Classics in American History

History 39F

Fall 2005
210 Dwinelle
Day & Time: 
Tu 2-5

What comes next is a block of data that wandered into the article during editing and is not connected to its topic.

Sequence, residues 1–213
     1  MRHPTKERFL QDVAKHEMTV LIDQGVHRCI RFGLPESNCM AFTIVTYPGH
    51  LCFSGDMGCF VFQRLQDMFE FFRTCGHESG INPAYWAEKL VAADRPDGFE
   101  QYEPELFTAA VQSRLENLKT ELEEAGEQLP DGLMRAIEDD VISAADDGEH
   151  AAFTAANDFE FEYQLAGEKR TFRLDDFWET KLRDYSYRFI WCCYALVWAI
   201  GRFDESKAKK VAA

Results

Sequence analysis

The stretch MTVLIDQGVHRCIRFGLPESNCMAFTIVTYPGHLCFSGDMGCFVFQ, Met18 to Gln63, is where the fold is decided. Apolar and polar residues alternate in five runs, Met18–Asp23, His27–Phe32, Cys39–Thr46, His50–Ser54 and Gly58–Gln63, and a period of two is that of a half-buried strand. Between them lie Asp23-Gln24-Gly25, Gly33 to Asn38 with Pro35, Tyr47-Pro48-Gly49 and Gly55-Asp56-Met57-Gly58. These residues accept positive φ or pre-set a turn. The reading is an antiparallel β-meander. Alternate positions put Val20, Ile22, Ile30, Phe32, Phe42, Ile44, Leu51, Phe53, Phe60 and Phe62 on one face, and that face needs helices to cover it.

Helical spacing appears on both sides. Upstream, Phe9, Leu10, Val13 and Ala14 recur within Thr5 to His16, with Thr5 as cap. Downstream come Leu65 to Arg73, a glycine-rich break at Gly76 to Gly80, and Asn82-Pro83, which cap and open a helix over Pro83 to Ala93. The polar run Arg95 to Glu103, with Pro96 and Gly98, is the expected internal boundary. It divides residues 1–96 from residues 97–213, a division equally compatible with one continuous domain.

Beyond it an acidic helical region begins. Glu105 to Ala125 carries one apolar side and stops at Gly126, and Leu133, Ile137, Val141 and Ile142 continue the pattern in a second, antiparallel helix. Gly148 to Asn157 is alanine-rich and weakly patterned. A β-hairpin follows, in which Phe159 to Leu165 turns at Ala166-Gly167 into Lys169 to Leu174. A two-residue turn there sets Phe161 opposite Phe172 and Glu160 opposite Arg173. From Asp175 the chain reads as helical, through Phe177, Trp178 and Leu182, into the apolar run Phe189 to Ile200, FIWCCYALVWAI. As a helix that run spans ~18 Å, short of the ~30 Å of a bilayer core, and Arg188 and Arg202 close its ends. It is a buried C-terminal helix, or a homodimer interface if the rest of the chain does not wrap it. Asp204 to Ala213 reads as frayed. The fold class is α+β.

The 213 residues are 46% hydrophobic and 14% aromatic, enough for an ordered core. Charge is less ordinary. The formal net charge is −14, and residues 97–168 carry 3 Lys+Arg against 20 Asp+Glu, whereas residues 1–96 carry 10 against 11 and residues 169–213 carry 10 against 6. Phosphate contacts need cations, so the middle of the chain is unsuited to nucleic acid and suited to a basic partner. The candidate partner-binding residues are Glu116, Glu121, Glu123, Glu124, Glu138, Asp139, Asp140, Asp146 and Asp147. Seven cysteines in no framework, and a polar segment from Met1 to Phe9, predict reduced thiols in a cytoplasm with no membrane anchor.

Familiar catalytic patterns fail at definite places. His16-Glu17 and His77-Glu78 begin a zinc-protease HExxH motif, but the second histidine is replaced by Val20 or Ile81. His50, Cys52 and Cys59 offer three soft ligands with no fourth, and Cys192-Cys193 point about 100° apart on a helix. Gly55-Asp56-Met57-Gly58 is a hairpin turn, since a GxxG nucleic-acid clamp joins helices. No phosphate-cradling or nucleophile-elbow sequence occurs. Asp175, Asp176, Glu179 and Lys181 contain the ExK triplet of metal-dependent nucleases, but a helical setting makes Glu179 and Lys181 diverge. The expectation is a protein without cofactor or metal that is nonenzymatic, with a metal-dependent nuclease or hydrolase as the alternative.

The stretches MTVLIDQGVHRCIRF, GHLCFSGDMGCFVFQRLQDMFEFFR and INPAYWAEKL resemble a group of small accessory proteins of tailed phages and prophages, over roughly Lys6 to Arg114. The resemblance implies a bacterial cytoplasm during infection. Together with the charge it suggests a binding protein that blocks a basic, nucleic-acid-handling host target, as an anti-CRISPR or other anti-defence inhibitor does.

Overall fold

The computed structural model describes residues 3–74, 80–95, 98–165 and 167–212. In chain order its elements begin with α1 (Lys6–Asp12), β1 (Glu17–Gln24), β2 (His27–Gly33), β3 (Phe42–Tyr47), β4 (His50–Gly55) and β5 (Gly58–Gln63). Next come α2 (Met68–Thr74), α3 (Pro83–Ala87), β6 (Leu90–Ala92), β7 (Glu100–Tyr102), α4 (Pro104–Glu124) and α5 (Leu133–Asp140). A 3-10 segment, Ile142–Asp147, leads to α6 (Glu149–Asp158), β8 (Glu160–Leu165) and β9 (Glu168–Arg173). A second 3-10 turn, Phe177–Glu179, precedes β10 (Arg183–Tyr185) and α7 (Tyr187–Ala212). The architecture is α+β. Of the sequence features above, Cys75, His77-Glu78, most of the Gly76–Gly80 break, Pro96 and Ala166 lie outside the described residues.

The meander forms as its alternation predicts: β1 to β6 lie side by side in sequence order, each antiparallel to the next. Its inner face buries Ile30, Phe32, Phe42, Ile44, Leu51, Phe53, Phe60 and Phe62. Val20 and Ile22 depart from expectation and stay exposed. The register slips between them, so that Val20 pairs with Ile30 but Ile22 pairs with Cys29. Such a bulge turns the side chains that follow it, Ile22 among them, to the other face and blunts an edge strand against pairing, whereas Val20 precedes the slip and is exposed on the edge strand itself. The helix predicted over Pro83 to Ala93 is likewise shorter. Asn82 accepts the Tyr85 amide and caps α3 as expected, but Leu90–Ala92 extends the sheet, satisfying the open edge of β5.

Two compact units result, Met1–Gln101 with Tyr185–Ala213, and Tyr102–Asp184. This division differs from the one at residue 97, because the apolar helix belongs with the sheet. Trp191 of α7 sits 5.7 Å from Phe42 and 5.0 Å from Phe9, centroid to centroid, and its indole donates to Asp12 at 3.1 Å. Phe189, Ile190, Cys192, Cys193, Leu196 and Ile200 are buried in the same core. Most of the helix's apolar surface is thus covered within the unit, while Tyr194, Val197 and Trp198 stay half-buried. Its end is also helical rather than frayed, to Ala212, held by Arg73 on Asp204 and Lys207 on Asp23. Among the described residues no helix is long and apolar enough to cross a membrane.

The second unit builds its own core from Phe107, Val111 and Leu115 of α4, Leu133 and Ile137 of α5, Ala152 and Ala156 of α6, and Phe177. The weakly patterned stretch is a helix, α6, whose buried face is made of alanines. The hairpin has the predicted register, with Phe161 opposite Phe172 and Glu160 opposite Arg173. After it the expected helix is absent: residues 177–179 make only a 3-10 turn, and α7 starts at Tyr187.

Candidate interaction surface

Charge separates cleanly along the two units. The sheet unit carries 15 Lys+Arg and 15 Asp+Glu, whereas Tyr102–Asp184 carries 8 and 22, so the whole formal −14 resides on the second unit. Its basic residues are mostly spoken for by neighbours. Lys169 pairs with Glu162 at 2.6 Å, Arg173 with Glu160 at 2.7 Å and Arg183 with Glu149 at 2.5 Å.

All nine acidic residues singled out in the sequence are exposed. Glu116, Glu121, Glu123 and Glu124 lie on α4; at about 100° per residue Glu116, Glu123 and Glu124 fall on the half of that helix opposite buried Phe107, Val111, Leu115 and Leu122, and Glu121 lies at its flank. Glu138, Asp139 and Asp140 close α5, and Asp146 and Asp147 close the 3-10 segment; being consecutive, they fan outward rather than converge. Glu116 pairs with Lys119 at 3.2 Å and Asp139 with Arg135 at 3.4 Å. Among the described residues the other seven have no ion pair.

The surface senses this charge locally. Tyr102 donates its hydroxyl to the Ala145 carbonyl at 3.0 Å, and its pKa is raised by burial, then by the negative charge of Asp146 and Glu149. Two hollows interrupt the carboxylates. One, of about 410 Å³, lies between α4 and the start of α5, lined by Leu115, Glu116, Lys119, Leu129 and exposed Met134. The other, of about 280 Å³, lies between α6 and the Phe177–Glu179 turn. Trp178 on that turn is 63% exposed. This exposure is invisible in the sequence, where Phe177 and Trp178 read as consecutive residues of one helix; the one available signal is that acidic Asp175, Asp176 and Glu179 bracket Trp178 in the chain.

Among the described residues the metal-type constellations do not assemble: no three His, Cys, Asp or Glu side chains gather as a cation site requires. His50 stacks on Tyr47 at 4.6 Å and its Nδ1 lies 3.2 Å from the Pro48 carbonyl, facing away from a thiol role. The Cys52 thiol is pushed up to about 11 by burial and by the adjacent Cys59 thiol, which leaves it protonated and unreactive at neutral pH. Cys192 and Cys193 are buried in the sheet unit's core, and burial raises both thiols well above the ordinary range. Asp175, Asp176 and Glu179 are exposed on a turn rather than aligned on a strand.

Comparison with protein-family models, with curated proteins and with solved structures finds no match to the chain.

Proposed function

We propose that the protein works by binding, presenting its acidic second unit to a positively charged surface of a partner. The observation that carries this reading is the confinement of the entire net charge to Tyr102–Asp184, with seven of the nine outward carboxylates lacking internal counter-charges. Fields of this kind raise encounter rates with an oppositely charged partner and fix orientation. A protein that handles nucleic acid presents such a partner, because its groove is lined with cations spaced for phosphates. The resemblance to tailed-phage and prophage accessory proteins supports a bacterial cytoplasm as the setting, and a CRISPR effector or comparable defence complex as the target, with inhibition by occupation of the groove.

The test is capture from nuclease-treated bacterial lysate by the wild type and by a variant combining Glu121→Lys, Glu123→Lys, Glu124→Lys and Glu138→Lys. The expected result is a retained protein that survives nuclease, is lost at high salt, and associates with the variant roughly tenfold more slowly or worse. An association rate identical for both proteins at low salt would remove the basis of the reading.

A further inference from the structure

This seminar is designed especially to introduce college freshmen and sophomores to American history by acquainting them with some of the major works in the literature. Some are old classics, e.g., Ben Franklin's autobiography and Tocqueville's Democracy in America, which have become renowned almost as much as historical documents as for their historical content. Others, e.g., Kenneth Stampp's Peculiar Institution, Winthrop Jordan's White Over Black, and Matthew Josephson's Robber Barons, have taken on the character of classics in that almost from the moment they were published they became, and remained, indispensable reference points for every scholar who thereafter worked on their subjects. Finally, some of the books we will read (e.g., Kessner's Golden Door) may not deserve the title ";classic"; in either of the above senses, but rather serve exceptionally well to get into important modern subjects, or use special historiographical techniques, that as yet enjoy no classic treatment. All the books have been chosen because they make good reading as well as provoke thought about American history. Faithful attendance and active class participation are required.